Read about the Camera ISO noise tests in the help section to learn more about the tests and how they are conducted. A key take-away from that page is that noise reduction is completely off unless otherwise specified.
The files required to be downloaded to make all of the links in this review function properly are very significant in overall size - please be patient while they load.
Chuck Westfall emphasized that Canon's goal for the EOS 6D was cleaner pixel-level image quality. From what I'm seeing, they were quite successful.
Immediately noticeable in the comparison above is that the full frame sensors tested here deliver cleaner images than their smaller-sensored APS-C siblings. The Canon EOS 6D delivers noise levels similar to the smaller-sensor Canon EOS 7D and Canon EOS 60D at an ISO setting of over one stop higher. Compare the 6D's ISO 6400 to the 7D's ISO 3200 for example.
The Canon EOS 5D II is the camera that a lot of us have been waiting to compare the 6D to. In these results, it is not hard to see that the 6D indeed improves upon the long-time favorite. Up through ISO 400, it will be hard to see any difference in real-life results, but I start to see some 6D advantages starting at around ISO 800. The 6D advantage builds as the ISO setting increases. The difference becomes rather easy to see at ISO 3200 and the 6D's lead continues building until it leaves the 5D II in the dust at ISO 51200.
Obviously, the 6D has two stops of high ISO settings available that the 5D II does not have. Since the 6D's max shutter speed is 1/4000, I had to turn off two of the four hot lights to be able to step from ISO 25600 to ISO 51200 and had to narrow the aperture slightly for the ISO 102400 shot.
I again contend that these ultra-high ISOs are good for marketing purposes only. I don't know when I would have a use for images that look this bad. ISO 12800 and 25600 are still not looking very nice to me. I am shooting an indoor action event tonight - and expect to make heavy use of the 6D's ISO 6400 with an f/2 lens mounted. Update: had to go to ISO 8000. Images were noisy, but very usable at smaller print sizes.
The 5D III is a review-time-recent release. I have two of these bodies in my kit - and love what they do for me. But, I do think that the 6D is producing less noise than even the 5D III when compared at their native resolutions. You won't see much difference at lower ISO settings, but somewhere around ISO 800 to 1600, I can start to see a slight difference. The difference between these two cameras, even at very high ISO settings, is not significant enough to be a differentiator in my opinion.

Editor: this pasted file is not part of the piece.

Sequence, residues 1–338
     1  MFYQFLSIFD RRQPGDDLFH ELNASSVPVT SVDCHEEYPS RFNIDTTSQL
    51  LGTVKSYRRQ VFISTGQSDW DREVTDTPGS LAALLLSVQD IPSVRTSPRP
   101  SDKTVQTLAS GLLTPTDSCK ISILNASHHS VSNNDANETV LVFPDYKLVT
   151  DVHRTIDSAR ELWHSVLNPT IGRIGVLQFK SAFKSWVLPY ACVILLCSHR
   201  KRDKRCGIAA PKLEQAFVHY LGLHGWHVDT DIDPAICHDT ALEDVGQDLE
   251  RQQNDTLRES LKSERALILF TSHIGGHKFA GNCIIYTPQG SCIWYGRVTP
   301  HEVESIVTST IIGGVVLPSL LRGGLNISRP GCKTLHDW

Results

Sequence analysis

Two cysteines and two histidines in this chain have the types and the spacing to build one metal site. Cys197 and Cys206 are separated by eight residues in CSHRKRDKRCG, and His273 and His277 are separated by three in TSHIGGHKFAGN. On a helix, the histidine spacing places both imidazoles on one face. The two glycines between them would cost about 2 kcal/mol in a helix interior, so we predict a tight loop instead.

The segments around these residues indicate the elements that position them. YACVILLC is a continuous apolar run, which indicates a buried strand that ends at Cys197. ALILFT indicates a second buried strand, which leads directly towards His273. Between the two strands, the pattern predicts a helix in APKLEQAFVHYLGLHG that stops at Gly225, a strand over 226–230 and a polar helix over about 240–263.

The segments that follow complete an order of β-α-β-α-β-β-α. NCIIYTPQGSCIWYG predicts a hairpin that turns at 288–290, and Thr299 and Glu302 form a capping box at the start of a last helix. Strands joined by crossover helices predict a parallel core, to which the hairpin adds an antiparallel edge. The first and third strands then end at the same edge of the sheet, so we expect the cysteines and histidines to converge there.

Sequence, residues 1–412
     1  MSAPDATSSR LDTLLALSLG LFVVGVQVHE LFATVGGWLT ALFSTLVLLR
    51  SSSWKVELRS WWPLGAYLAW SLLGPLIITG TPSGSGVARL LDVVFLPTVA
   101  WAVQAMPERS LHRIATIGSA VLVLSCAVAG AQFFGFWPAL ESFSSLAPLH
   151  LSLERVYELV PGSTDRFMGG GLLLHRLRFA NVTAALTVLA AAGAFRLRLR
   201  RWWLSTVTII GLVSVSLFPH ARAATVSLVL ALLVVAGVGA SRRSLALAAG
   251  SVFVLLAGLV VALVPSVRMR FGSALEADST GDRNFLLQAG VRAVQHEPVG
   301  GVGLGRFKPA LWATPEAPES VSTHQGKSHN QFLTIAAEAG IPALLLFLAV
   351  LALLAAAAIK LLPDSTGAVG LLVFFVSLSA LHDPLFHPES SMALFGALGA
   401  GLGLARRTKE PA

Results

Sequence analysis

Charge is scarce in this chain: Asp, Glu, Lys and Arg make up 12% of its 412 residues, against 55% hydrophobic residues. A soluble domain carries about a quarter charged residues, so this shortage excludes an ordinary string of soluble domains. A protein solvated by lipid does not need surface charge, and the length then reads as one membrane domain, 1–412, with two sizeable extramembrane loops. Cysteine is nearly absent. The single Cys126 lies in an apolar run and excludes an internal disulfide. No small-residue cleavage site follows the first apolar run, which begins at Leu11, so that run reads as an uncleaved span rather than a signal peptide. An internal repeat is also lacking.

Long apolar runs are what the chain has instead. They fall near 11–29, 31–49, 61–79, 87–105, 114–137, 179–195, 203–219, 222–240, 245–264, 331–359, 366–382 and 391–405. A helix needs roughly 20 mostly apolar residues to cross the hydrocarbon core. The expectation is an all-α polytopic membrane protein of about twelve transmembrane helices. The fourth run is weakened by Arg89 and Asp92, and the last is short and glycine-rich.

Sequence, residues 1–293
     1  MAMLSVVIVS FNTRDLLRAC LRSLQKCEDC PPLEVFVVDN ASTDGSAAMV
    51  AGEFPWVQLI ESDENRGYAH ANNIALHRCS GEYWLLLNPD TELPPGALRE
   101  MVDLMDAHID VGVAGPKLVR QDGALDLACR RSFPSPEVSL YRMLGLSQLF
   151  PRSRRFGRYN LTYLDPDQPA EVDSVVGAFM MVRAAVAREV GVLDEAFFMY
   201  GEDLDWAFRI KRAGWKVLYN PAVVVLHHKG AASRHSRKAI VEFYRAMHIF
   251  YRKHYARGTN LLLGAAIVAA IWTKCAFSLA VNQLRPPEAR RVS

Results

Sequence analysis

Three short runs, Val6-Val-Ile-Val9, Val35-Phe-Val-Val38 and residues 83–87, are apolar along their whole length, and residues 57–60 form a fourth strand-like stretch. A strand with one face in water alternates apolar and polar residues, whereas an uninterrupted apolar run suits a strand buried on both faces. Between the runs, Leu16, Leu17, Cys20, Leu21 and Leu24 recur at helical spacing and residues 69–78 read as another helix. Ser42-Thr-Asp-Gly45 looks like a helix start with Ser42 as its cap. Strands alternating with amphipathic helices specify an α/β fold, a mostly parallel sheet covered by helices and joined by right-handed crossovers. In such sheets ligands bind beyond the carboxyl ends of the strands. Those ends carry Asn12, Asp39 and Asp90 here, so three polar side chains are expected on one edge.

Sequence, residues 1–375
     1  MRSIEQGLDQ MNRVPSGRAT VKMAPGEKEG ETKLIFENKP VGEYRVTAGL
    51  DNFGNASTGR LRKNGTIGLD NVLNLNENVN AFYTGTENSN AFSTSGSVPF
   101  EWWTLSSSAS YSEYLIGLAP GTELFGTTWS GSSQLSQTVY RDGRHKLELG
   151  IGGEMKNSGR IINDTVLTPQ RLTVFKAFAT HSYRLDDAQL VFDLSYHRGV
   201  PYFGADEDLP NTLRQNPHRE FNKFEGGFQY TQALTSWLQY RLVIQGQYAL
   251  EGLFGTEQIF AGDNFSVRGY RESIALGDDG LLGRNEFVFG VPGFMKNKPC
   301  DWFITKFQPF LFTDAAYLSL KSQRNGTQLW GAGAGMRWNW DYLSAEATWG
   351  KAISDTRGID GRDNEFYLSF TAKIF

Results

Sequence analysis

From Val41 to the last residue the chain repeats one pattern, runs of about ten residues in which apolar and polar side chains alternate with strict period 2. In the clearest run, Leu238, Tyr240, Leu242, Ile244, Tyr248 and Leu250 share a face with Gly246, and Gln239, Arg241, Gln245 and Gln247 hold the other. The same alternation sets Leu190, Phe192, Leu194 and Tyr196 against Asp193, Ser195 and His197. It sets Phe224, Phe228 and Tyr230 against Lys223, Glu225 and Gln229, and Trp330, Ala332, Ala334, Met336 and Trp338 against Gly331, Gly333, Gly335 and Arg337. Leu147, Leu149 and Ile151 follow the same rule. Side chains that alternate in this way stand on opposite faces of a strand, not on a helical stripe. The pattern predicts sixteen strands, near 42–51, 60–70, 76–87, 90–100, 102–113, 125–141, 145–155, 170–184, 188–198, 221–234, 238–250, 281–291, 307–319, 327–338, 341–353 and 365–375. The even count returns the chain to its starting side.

The 6D up-sized images were output to 5D III resolution. The differences between these two cameras become harder to see at identical output resolution, but the 6D retains advantage at very high ISO settings. Other features such as price and AF systems are much more significant differentiators.
Differences in noise levels become easier to see when boosting image brightness during post processing.
As always, noise reduction is available via software - either in the camera or during post processing. Noise reduction is a destructive process - you throw some details away with the noise. I personally lean toward using only light amounts of noise reduction and show you such examples in the "6D NR" results.
Relatively new is Canon's Multi-Shot Noise Reduction. When using MSNR, four images are captured in a full-frame-rate burst with each shutter press. These four images are merged into a single JPG image in-camera. This is a great concept with solid improvement showing in the results - perhaps 1 to 2 stops of benefit in some comparisons.
Some of the downsides to Multi-Shot Noise Reduction include:
MSNR is currently available only with JPG output with oversharpened results using the Standard Picture Style with Sharpness set to only "1" (very low). I want MSNR added to DPP for RAW capture - perhaps as another HDR preset?
Multi-Shot Noise Reduction will not be so useful with moving subjects. Needing a still camera and still subjects removes some of the usefulness of this feature since you could just use a tripod and longer exposure at a lower ISO setting. Long exposure NR must be off to enable MSNR.
The 6D automatically reverts from MSNR to Standard NR in Basic zone modes, during video recording, in Bulb mode and when the camera is powered off. Flash is not supported in MSNR mode.
The camera remains "busy" for a brief period of time after the MSNR 4 shot burst - while it processes the merged image. Don't plan to take a quick follow-up shot.
Below is another comparison example that includes fine details. These samples were taken from the same shot and processing as described above. Fine details better-show resolution and better-hide high ISO noise.
The 6D delivers very clean results again in this comparison.
Notice that the Multi-Shot Noise Reduction samples do not appear oversharpened in the fabric area of the sample photo, but that many image details are being removed at higher ISO settings.
Back to the Canon EOS 6D Review.